Want to read Slashdot from your mobile device? Point it at m.slashdot.org and keep reading!


Forgot your password?

Comment Ripe for adoption (Score 2, Insightful) 298

I predict that these things are going to take off. Once people realize that they don't need a heavy OS like Windows in order to enjoy a portable platform that provides email & web browsing, any prejudice against will evaporate. Besides, most people won't even notice that Windows is missing.

One reason PDA's never took off is the man-machine interface. The keyboard is pretty much a must-have for an email & messaging platform. These things are going to be everywhere, especially with carriers eager to sell data plans subsidizing them.

Comment It is human nature to dominate others (Score 0) 564

I'm surprised that nobody brought this up, although someone did mention that wp will probably be notable in hindsight as a social experiment.

To reference another social experiment http://en.wikipedia.org/wiki/Stanford_prison_experiment (wp, why not ?)

A closed society, given absolute power, discards any moral obligations towards other individuals that are categorized as 'others'. We see this time & time again throughout human history. Is this exclusionary behaviour really a surprise to anyone ?

Comment Half-empty dc's (Score 2, Interesting) 142

I've worked in several large datacenters in the Atlanta area for various clientes in the past few months. These things are overbuilt, and half or more of their capacity looks idle. Speaking with dc staff, many of even the populated cages are idle/bankrupt/abandoned.

And the dc salesmen have seemed pretty eager last 6 months or so. I've bought some rack space & virtual servers recently, and got some shinin' deals.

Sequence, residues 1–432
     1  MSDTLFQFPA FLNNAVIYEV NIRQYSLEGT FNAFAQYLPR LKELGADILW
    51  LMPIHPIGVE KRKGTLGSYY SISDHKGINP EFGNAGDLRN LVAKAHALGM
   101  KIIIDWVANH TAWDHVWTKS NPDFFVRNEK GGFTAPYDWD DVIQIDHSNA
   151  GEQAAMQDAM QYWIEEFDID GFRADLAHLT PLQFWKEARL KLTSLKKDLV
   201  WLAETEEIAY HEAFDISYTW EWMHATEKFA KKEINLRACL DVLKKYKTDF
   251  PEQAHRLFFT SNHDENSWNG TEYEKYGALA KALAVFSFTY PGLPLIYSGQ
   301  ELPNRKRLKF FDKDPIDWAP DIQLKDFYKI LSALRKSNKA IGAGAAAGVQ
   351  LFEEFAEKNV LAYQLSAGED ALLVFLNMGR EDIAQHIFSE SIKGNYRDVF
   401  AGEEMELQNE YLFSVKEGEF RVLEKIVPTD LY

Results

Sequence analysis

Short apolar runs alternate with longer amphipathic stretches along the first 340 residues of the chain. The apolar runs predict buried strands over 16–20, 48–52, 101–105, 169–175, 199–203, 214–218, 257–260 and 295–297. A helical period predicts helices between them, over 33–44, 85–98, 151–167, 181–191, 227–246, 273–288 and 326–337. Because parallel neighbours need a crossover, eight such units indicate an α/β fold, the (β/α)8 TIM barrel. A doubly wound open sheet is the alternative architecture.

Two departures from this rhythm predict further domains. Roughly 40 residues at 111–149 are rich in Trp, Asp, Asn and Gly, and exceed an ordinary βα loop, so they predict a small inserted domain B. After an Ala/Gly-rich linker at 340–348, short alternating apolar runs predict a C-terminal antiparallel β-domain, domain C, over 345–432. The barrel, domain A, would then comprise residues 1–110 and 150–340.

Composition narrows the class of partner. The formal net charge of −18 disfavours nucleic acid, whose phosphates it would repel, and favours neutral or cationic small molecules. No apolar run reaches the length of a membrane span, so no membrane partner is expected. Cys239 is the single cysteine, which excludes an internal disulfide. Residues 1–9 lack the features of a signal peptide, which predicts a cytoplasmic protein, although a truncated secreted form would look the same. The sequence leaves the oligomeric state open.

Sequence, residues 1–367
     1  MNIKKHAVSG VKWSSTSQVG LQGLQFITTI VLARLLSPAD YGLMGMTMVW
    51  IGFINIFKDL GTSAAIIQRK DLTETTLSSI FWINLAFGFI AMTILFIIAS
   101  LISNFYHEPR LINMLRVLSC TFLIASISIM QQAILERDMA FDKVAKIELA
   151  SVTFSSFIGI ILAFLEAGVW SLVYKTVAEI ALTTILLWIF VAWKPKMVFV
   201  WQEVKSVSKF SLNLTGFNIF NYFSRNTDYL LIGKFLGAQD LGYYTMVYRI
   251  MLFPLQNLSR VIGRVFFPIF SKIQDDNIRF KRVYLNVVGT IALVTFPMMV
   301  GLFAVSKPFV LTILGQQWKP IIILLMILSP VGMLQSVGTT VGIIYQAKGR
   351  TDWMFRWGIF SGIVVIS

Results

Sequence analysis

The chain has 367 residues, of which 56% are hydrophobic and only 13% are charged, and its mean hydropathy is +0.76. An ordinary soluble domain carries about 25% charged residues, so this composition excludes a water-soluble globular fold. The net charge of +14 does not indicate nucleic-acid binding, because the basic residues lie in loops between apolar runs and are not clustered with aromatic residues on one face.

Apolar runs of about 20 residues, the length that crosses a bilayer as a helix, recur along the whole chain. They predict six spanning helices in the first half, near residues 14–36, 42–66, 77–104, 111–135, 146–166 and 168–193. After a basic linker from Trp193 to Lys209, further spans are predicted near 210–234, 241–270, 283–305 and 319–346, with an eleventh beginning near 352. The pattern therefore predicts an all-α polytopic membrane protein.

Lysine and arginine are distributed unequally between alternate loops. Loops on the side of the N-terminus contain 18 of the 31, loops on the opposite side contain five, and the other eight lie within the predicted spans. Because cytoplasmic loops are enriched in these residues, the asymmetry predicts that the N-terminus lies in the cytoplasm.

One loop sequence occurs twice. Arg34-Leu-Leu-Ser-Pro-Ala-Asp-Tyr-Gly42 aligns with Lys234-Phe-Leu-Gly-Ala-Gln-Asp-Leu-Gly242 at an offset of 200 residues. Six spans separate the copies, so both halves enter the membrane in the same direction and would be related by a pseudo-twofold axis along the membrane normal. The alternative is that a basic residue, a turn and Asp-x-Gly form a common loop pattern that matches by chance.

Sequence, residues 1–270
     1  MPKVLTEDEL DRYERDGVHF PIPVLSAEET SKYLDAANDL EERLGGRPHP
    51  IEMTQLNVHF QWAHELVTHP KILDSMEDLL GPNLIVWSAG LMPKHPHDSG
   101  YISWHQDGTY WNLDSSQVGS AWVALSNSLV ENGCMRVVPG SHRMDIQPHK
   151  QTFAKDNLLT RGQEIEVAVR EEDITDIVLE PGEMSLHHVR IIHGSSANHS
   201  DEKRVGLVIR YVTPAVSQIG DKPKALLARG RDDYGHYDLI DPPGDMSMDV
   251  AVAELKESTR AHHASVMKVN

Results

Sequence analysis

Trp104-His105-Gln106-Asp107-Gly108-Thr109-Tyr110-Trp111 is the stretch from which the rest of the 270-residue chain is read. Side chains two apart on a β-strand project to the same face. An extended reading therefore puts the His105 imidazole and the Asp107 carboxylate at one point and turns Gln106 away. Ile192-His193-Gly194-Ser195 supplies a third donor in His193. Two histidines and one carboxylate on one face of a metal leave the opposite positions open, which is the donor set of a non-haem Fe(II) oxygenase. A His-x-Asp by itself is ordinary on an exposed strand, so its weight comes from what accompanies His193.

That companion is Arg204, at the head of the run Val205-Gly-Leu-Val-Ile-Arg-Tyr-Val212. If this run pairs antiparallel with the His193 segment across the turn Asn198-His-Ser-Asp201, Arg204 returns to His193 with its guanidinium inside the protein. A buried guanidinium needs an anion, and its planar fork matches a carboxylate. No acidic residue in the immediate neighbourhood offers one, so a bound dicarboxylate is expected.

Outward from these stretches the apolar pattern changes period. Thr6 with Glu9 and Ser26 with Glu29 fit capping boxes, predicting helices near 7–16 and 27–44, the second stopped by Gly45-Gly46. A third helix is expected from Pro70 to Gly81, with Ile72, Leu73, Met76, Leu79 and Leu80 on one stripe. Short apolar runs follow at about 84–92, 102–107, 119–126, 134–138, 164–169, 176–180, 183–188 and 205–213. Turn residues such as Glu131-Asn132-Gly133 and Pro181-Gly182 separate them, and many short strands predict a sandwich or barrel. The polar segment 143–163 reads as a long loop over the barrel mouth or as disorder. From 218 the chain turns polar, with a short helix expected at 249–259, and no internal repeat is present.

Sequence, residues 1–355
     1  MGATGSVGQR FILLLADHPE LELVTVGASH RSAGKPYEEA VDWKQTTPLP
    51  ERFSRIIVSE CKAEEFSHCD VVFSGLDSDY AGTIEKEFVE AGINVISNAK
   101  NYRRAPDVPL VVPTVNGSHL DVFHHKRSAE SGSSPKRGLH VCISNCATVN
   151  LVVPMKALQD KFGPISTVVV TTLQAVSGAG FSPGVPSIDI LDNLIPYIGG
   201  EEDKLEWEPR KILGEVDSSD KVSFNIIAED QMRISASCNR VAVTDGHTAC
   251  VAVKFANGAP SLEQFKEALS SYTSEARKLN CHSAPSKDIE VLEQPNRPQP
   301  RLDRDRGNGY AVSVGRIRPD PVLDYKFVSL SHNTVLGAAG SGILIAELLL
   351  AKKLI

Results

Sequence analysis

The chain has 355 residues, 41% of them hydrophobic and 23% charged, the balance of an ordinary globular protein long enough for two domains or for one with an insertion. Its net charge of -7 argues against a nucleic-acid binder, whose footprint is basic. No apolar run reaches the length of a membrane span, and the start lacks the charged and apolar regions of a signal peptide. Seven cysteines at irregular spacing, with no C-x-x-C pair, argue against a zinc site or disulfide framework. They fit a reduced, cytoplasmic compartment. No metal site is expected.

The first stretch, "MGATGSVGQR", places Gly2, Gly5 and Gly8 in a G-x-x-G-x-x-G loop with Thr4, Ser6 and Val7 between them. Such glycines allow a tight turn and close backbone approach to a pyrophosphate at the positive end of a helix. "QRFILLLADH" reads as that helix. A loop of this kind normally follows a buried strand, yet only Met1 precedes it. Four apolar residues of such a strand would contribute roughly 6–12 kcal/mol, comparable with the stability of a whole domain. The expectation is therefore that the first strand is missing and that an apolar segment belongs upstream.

So I can attest to the fact that at least that postulate about dc capacity being underutilized.

But, things seem on the upswing now though, at least my intuition says so.

Comment Re:40.1 hours is too much (Score 0) 582

You're right, it can be tiring over the long run, and I think that many of us experience that burn out. But I find that I have a healthy amount of enthusiasm for my work when I'm allowed a certain amount of freedom to pursue good solutions on my own & implement them, or work on a team & pull off a project that is technically elegant or especially efficient.

The one feeds the other I think, you build up that confidence from management, and they continue to give you those degrees of freedom that keep you motivated. Then again, all it takes is one overbearing PHB to derail that :( You learn to watch out for those types though, as you see different environments over the years.

The best thing is that if it is going right, no matter how challenging the work is, it feeds into other parts of your life & has positive impacts there.

Comment Re:40.1 hours is too much (Score 0) 582

I'm with you, I liked being a contractor also. I felt like I owed a higher degree of professionalism & rapidity, though. Pull that off, and it'll make you shine, and they'll bend over backward to stay out of your way and let you get the work done.

Now, having moved to a full-time position, which I thought I would never do again, I keep the same attitude of 100% heads down, no slacking whatsoever, and man, do they ever show the appreciation for that. I work more than 40, never outwardly show any negative emotion regarding unpleasant maintenance windows or working conditions, and help out my peers.

So maybe how they treat IT folks also has something to do with the attitude you bring to the job. Act like a paid-by-the-hour, high-dollar pro, even if you're 'fulltime', and you'll be treated as such.


Working Off the Clock, How Much Is Too Much? 582

The Wall Street Journal has word of yet another suit against an employer who required an "always on" mentality to persist because of easily available communications. Most of us working in some sort of tech related job are working more than 40 hours per week (or at least lead the lifestyle of always working), but how much is too much? What methods have others used in the past to help an employer see the line between work and personal life without resorting to a legal attack? "Greg Rasin, a partner at Proskauer Rose LLP, a New York business law firm, said the recession may spawn wage-and-hour disputes as employers try to do the same amount of work with fewer people. The federal Fair Labor Standards Act says employees must be paid for work performed off the clock, even if the work was voluntary. When the law was passed in 1938, 'work' was easy to define for hourly employees, said Mr. McCoy. As the workplace changed, so did the rules for when workers should be paid."